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Prospecting In Fast Water (11 of 14)

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Video Transcript:

We're here on the Gallatin River, just upstream of Big Sky, Montana. Beautiful, crystal-clear stream that starts in Yellowstone Park. The water isn't too high; it's clear. I know a fish can see a dry fly. Never fished here before, so I'm going to start with a pair of dry flies. A stimulator, big stimulator, to imitate maybe a stonefly or one of the grasshoppers there, and then an EleCare caddis to imitate the spruce moth which has been flying around and gets in the water quite a bit. So we'll poke around in this little pocket here and see what happens.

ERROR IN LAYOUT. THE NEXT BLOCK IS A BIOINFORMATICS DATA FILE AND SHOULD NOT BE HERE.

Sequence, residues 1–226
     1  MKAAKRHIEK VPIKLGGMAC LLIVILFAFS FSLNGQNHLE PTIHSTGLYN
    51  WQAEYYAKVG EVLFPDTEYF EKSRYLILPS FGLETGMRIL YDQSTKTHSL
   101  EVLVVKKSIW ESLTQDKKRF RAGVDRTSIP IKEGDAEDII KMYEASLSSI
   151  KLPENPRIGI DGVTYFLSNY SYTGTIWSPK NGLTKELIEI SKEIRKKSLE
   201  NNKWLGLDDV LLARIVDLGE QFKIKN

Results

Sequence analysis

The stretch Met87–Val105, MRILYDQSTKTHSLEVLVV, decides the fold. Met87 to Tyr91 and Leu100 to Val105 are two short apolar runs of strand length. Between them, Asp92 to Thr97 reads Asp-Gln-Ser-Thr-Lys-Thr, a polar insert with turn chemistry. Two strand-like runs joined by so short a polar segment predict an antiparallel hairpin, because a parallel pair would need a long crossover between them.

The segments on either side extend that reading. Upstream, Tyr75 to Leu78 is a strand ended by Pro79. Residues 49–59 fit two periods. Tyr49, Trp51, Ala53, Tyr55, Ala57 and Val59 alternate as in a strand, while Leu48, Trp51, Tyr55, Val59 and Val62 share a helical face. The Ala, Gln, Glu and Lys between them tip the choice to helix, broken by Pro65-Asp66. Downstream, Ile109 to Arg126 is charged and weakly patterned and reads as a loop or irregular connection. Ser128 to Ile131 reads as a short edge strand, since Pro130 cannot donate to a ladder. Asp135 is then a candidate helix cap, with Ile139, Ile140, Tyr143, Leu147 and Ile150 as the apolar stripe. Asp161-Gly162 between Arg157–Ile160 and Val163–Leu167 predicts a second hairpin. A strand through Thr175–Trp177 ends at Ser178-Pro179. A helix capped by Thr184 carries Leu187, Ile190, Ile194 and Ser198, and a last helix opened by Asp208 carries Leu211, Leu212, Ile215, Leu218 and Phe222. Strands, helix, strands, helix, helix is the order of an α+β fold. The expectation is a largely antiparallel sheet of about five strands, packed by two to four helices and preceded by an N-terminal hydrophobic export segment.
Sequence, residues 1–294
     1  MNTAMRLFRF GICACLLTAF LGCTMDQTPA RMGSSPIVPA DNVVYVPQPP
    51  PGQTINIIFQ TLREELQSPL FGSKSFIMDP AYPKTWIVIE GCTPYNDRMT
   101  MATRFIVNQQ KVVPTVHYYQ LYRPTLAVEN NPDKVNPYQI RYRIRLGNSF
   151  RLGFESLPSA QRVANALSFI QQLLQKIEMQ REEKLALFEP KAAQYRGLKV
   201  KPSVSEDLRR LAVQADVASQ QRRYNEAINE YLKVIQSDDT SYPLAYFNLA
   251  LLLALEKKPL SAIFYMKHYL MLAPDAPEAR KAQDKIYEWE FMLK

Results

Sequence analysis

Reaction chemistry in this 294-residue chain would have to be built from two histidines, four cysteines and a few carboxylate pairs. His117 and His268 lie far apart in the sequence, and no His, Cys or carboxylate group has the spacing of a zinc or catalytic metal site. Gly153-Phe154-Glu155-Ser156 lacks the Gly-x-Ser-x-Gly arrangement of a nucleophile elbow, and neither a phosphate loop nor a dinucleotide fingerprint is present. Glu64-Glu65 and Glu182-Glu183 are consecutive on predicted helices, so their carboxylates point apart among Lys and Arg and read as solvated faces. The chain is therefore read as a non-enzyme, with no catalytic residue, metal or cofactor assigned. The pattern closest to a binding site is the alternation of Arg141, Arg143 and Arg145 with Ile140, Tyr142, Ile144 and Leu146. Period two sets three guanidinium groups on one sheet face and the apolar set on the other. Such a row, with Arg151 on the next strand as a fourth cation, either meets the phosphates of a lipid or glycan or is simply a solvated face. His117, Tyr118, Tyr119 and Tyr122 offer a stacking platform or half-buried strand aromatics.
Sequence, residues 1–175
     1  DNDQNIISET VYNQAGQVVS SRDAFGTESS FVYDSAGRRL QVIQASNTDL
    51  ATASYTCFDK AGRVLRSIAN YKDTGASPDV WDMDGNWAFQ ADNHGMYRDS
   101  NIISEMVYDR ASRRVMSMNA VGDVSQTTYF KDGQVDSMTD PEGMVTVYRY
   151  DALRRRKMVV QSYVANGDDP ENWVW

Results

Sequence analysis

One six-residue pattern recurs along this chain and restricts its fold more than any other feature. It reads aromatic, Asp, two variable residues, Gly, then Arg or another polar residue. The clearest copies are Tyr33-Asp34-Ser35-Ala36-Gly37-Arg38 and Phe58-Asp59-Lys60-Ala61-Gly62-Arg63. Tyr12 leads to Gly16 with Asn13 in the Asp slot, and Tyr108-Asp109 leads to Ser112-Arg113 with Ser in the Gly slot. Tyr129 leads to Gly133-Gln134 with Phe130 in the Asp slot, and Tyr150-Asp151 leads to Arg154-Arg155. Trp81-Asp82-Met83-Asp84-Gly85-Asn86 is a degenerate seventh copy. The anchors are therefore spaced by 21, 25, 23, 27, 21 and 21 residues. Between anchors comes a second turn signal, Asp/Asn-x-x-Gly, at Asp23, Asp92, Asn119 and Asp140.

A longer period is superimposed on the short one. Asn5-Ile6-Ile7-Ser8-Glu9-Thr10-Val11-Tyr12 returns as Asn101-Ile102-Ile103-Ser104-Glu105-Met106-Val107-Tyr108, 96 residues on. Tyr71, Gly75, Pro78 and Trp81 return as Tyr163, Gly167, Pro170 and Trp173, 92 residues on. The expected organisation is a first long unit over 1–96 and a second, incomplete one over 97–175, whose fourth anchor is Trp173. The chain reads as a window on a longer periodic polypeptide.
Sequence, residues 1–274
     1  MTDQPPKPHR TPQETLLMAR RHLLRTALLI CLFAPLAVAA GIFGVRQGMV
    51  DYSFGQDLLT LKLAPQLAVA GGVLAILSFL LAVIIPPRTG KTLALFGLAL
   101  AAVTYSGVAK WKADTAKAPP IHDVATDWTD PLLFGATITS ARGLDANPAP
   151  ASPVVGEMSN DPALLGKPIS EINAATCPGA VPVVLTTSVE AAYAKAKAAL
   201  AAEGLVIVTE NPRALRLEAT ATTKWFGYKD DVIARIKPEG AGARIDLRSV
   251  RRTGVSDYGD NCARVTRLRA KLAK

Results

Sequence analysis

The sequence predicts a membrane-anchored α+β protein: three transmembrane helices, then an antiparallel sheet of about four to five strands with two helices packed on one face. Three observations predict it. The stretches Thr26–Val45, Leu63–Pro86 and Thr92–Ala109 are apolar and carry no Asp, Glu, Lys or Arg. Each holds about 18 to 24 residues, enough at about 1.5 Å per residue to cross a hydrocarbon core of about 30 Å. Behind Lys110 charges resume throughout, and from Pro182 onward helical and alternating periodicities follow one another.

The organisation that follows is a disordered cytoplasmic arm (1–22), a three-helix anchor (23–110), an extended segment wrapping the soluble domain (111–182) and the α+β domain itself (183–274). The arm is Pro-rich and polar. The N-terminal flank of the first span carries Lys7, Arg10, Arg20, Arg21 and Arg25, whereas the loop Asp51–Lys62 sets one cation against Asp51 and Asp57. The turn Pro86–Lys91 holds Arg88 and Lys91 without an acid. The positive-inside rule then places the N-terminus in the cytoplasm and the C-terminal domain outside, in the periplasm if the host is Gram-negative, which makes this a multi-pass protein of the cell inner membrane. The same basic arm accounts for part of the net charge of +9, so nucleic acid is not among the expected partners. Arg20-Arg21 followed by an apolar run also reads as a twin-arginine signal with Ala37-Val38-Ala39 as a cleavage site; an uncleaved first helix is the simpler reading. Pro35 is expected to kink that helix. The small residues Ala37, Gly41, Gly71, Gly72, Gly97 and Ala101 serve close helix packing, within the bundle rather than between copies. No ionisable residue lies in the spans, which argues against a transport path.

What I'm doing here is just hitting all the little pockets that look good, a couple casts in each spot. I'm not going to waste a lot of time here. In front of rocks is a good place. Along the side of rocks. Places where I can see the bottom deepens a little bit. And especially along the bank where the water slows. Fish in meadow streams like this often slide right up into the shallow water on the bank to feed, looking for grasshoppers, ants, beetles, things like that.

Oh, ho! The fish aren't really where I expected them to be today. The fish are all over in the shallower water instead of in the deep slot, which tells me there might be a bigger fish in the deep slot, but not coming up for the dry fly. Oftentimes, when you fish a new stream like this, it takes you a while to figure out where the fish are laying, so you have to really poke around and do a lot of prospecting with the fly. Pretty little rainbow trout. Also took the EleCare caddis.

Thank you, buddy.